Admittedly, the mission in urban Africa is fairly new ground. We still seek answers for how to best use this God-given opportunity to reach the unreached. To that end, here are four practical ideas we’ve started to employ:
Work Hard to Understand a City’s Personality
Most Americans would agree that U.S. cities have different personas, formed by the ethos and activities of its people. African cities are no different, so it’s important to learn what a city values, what its idols are, and how its history has defined it thus far. To do this effectively, get out of your car. Walk the streets, use public transportation, and spend time asking people questions. While you’re learning, you’ll be amazed at how asking “getting-to-know-you” questions can lead to gospel conversations.
Root All Labor in Strategic Prayer
Prayer declares that we depend on God for the gospel to go forth. Build prayer networks both globally and locally that focus on key cities and needs. For example, build networks that pray for migrating unreached peoples, sections of the city, or even specific individuals.
Proclaim the Gospel
Although various worldviews, false teachings, and broken systems are widespread in Africa’s growing cities, we can be confident that the gospel is powerful enough to transform lives and bring worship to God. Let’s join our African brothers and sisters in sharing Jesus Christ as they carry the gospel to their own people. Make a daily commitment to leave your own house with the intention of connecting with someone in your city, as well. If you have computer work or simply want to read a book, find a local café, a park, or public space in order to be around people. As you meet them, build bridges to gospel conversations.
Make a Personal Investment in Your Community
One way to invest in the community is to add value to it. Providing blankets for refugees, food for the homeless, job training for the unemployed, or forming partnerships with an existing NGO such as Baptist Global Response can enhance the well-being of Africa’s cities and meet needs holistically. Also, don’t forget about opportunities through the local church. Become a member, partner with them, disciple with them, train with them, and help them multiply disciples locally and among the nations.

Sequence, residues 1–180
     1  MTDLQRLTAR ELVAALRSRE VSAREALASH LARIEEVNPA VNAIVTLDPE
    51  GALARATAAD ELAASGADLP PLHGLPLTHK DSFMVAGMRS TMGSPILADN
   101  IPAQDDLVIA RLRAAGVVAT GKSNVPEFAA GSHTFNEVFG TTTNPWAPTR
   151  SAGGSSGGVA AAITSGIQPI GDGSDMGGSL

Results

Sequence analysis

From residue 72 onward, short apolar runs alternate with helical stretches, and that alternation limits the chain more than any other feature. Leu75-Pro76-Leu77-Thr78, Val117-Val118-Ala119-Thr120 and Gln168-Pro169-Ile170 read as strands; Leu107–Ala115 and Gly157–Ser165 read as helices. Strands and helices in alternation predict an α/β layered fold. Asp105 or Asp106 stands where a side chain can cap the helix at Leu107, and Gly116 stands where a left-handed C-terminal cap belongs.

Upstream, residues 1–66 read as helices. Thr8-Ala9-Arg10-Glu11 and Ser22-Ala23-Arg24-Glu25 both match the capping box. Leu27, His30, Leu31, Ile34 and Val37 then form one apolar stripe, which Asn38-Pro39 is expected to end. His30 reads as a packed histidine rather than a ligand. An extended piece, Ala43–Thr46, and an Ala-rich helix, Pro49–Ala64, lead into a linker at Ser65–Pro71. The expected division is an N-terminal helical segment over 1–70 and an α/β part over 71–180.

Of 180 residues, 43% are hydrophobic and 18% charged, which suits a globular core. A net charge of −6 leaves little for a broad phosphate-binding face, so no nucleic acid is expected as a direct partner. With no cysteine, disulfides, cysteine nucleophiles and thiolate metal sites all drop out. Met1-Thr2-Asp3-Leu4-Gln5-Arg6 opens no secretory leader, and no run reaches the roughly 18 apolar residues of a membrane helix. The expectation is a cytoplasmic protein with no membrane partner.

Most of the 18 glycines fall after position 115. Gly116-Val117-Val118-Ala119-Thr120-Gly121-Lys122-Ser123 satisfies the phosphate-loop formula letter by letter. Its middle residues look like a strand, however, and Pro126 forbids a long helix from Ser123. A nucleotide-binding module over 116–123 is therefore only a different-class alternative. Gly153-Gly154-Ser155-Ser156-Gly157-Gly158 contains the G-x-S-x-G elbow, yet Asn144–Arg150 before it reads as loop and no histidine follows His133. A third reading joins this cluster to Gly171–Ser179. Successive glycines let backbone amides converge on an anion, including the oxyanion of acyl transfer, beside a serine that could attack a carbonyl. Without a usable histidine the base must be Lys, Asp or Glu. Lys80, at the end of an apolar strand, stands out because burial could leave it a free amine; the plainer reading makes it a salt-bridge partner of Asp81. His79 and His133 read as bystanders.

We long to see African cities filled with joy because they are rooted in the true gospel.
Regardless of the approach we embrace, work in Africa’s urban centers will be messy. We are praying for the coming generation of Africa’s church to produce gospel-centered doctors, lawyers, teachers, entrepreneurs, engineers, theologians, and more. We are also praying for U.S. partners to take jobs, study, teach in seminaries, and retire in African cities so they can influence these networks with the gospel.
Like the city in Acts 8:8, we long to see African cities filled with joy because they are rooted in the true gospel. We must join with gospel-centered believers to proclaim the only message of hope so that these places become cities on a hill that cannot be hidden, as people boldly display the beauty of the one true God.
Matthew Crawlings serves in leadership in Sub-Saharan Africa with his wife and three children. He has spent the past sixteen years doing university ministry and church planting in cities with both the North American Mission Board and the International Mission Board.
To read further about the urbanization of Sub-Saharan Africa, check out this article and accompanying media on The Rise of Africa’s Cities. You can also visit the Sub-Saharan African Peoples page, or search for trips or projects among SSA peoples that you and your church can participate in.